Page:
You're taking quite a risk if you get anything other than a round cut or a princess cut without her explicit request.

I would strongly advise that you look only for diamonds with a GIA certificate.

Unless you plan on getting a perfect diamond in every respect, do not expect it to hold its value. You're going to be paying 15-20k for a perfect one at 1 carat though.

If you are planning on getting something at the higher price mark, you may wish to consider arranging a holiday to get it so you can reclaim VAT etc.

Unless she has fat fingers, and maybe even if she has fat fingers, I would recommend the delicacy cut. It will make the ring seem more elegant and the diamond appear relatively larger.

Good luck.

Dec 6, 2018 - 7:56am

Go ring shopping with her first. That way you can get something you at least know she likes. Then go to a pawn shop and purchase someone else's broke dreams.

Only two sources I trust, Glenn Beck and singing woodland creatures.
  • 15
Dec 6, 2018 - 8:25am

Don't fret. Give her the ring you like within reasonable price. Your lady should be lucky she's got a quality guy in you.

Work hard, work clean, & most of all do not give up.
  • 2
Dec 6, 2018 - 9:10am

Literally just went through this process. I had no clue what I was doing and I was equally as nervous. Who knew buying a ring could be so stressful?

Go to a shop a talk to someone in-person. Preferably a small family owned/boutique jewelry shop. Know your budget, and be very straight forward from the get-go. Let them know you're willing to spend no more than $1000, $5000, $10000 or whatever your budget might be. Also, let them know of your inexperience as they should walk you through the diamond finding process step-by-step.

You might want to get recommendations from a boss/manager, someone they trust. I don't doubt that there are people out there who would try to take advantage of your inexperience, but a true, quality family-owned shop would recognize the potential to have you as a life-long customer. Best of luck dude!

Dec 6, 2018 - 10:03am

I bought a loose diamond from Blue Nile, then took it to a jeweler to get it custom mounted. Worked well for me because I could comp stone stats in a low key environment and wait for the right rock to come to market; then had the human touch of designing something unique with a jeweler. Had a great experience doing it this way.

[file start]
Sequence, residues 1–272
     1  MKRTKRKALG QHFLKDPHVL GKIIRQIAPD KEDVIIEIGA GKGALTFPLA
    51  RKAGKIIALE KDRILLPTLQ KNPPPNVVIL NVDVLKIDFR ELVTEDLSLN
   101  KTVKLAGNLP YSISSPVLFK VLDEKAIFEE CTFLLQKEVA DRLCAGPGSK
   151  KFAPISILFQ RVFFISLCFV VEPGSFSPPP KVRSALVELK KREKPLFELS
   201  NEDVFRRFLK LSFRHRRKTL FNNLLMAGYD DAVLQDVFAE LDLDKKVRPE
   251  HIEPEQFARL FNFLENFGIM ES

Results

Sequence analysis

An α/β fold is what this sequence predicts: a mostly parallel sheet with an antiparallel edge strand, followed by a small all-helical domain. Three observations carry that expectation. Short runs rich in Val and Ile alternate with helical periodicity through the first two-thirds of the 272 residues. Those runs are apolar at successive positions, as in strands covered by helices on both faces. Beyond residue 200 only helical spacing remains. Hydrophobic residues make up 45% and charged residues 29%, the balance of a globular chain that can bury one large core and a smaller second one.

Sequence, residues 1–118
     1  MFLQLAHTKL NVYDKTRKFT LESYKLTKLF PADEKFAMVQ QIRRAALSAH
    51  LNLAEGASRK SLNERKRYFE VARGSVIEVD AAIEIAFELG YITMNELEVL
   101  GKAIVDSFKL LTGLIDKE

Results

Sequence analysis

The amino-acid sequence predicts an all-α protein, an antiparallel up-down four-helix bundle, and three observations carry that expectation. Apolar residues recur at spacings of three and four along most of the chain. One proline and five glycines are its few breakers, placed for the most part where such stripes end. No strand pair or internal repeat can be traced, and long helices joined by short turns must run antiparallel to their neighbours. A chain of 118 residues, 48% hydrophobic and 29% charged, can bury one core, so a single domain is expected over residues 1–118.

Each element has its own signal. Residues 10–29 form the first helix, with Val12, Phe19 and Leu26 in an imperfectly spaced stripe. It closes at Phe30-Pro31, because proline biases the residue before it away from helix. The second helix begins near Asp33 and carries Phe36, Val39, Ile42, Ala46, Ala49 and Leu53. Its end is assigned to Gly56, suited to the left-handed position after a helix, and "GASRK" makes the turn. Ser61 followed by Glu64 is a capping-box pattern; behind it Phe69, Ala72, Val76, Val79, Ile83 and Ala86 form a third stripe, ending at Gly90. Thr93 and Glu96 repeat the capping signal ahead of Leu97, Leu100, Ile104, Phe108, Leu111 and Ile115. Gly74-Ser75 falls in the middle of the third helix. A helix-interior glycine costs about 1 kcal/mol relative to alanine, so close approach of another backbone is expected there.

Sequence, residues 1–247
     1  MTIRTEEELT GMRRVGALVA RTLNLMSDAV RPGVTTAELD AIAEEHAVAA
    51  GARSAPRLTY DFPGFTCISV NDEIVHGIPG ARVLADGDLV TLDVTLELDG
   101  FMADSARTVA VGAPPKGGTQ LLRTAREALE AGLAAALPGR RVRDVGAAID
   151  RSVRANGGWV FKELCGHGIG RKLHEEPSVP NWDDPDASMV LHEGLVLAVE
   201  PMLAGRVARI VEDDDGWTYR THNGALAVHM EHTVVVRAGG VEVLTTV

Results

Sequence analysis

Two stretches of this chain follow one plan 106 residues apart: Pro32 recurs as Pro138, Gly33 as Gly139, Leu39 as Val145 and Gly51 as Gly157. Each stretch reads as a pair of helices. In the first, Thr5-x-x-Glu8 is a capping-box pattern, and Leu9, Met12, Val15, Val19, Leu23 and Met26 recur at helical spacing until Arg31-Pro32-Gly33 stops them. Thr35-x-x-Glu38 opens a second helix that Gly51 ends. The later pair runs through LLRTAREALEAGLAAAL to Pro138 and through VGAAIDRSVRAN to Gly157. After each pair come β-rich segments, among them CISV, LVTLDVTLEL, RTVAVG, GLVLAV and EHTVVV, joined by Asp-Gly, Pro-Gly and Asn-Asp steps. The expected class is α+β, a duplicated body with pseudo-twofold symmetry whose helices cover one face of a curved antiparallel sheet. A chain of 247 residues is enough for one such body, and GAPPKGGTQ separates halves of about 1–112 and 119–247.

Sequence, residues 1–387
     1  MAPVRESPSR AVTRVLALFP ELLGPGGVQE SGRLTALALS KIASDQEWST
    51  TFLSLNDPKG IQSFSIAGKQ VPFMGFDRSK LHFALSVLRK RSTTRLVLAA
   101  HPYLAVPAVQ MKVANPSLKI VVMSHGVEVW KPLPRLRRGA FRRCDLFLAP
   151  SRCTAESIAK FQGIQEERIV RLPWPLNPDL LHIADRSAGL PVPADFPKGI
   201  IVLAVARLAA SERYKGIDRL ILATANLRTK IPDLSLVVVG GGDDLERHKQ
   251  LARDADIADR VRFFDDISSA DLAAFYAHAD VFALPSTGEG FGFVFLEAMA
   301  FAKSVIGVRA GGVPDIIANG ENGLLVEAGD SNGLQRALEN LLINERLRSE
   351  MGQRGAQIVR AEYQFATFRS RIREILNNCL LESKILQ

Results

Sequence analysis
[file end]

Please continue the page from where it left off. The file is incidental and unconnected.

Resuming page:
Dec 6, 2018 - 10:48am

Just went through this process, I'd recommend getting a referral to a reputable jeweler from one of your older friends / relatives. Then go in with a budget and they will help walk you through the process, and are actually open to negotiation versus the online dealers. You'd be surprised on the what you're willing to "give and take" between the 4 C's. For example the websites make slight color imperfections look like shit and charge you a ton, but you wouldn't notice looking in person.

Good luck

Dec 6, 2018 - 1:19pm

Don't do it. You must be able to inspect the selection for flaws on the spot. My friend's engagement ring was ordered online. The ring was of a beautiful unique design, but the diamond came with a flaw (a small dark spot at the bottom). Her guy being a regular joe, had no idea it wasn't supposed to be there. The whole episode turned into a mess.

Save yourself the headache. Pick the style you like on the website, and try finding something similar at a branded local jeweler. They're so desperate for business they'll help you any way they can. And take a VERY close look at each ring.


Dec 6, 2018 - 2:23pm

Remember, you get itchy wearing low-quality jewelry. That is what my gold-digging-ex told me

Cash and cash equivalents: $138,311 Financial instruments and other inventory positions owned: $448,166
  • 1
Dec 6, 2018 - 2:41pm

First learn from her friends/family what she is looking for

Then research on blue nile to get a price estimate of what a ring like that would cost

Then show up to a diamond dealer / jewelry store with cash on hand. Diamonds are very opaque when it comes to pricing so unless you are familiar with the industry or have bought many diamonds in the past, the sales person will know you have no idea what you are doing.

The first thing you will be asked is what your budget is. No matter what you say, they will automatically set that price and be selling you diamonds worth much less. Be very opaque back to them "idk could be anywhere from a few thousand to 50k" or something like that.